I like Jane Austin, there I’ve said it, get all your ridicule out of the way now. Oh, you don’t have any. I really like Jane Austin, she was an author ahead of her time. Humorous, clever, insightful and radical. She was able to put over ideas about gender inequality in a way that even men at the time found acceptable, didn’t they? Well they should have done. She has a timeless quality and her books have been re imagined in so many ways.
Sense and sensibility is one of my favourites, along with Pride and Prejudice. In Sense and Sensibility Jane contrasts a sensible sister with an overly emotionally sensitive one. It can appear at first reading that the sensible sister, Elinor, is the heroine the one we are to see as right. Marianne, the overly sensitive one, seems so flighty and over emotional that it’s hard to emphasise with her. But, as in real life both sisters are on a journey. Marianne needs to gain more sense, but Elinor needs to get more in touch with her emotions.
Why on earth would I quote from that book? What relevance is there to me or you? I have been reading a lot of posts on disability ‘wheelie’ sites about comments non wheelies make to my fellow ‘wheelies’. I have also had a lot of, well let’s say ‘insensitive’ comments made to me. It got me thinking, ‘how do we respond to ignorance and insensitivity?’
It seems to me we can often be like one or other of the Dashwood sisters, Elinor or Marianne. Either too sensible or too emotional in our response. The sensible being to ignore the person being insensitive. The emotional being to get angry and upset, then shout or be rude back. Then it struck me maybe a better way forward would be somewhere between these extremes. Emotions are going to hit us, how can they not. If someone says something stupid to us. Accuses us of malingering or acts as a disability police, or maybe just pushes us unasked in our wheelchair. But we don’t have to respond to that feeling. We can draw on our logical, sensible side to realise that it is ignorance that causes such comments. How can people understand what they haven’t experienced. How can we blame people for believing the lies in the media. We need to help people understand, teach, explain, use our emotional response to drive us into a passionate defence of disabled people and our sensible side to prevent ourselves just ranting and getting angry. The world needs to gain insight into disability; not gain more reasons to shy away from disabled people.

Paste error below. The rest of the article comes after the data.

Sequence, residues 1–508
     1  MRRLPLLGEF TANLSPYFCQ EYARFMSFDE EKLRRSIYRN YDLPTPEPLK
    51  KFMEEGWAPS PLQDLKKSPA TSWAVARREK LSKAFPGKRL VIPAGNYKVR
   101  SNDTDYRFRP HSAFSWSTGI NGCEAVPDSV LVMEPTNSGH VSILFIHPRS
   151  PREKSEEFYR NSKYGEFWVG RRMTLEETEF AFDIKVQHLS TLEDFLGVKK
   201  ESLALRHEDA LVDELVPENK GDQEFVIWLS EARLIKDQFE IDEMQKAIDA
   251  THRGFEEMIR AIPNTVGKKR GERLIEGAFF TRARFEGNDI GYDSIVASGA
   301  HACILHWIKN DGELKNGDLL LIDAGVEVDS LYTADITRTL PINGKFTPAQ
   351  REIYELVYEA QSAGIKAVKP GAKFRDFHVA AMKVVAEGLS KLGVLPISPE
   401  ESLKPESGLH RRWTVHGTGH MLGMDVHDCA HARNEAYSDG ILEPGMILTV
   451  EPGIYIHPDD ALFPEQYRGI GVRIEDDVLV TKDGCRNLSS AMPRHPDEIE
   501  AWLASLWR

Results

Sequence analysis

The point of this post is a plea to my fellow wheelies. When you meet ignorance, pause, count to ten and think before responding. I know it’s tempting to respond like for like. To meet ignorance with ignorance. It can feel good to have a great cutting remark in response to an idiotic remark. But; if we are to change the hearts and minds of those around us, it can only be done through insight and knowledge. Communication is the key. People gain knowledge and understanding partly through hearing, partly through seeing and partly through experience. Do your part to help them understand.
If you are not disabled or limited and reading this then my plea to you is stop and look, listen, think. Try to put yourself in a wheelchair, buggy, hospital bed. How would you feel, day after day, limited, and frustrated. How would you feel when your moves and choices are so closely monitored and others feel the right to judge you and test you at every turn. Don’t jump to conclusions.
Communication and understanding will change things. Let’s not give in to hate or anger. Let’s take hold of our sensibility (emotional response) and use our sense to make an informed response to what happens around us. That applies to both disabled and able bodied alike.
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2 thoughts on “Sense and Sensibility”
I love Jane Austen. This was a creative way to look at this. I had a friend with spina bifida who was in a wheelchair. I learned so much from him. He told me that even a little snow on the ground made it hard for him to get around on campus. He passed away just over a year ago. He also got whacked by a handicap automatic door once (I was watching from a distance and it was one of those areas with two sets of doors). I witnessed it and he just laughed and laughed while I was scared he had been hurt. Never will forget that! 😊
Thanks, I try to start from unusual angles. We are fortunate to not get much snow here in South West UK, because it would stop me getting out.
Sounds like your friend had a good attitude. I try to keep upbeat in the face of my limitations as I think it is a better way to face life.
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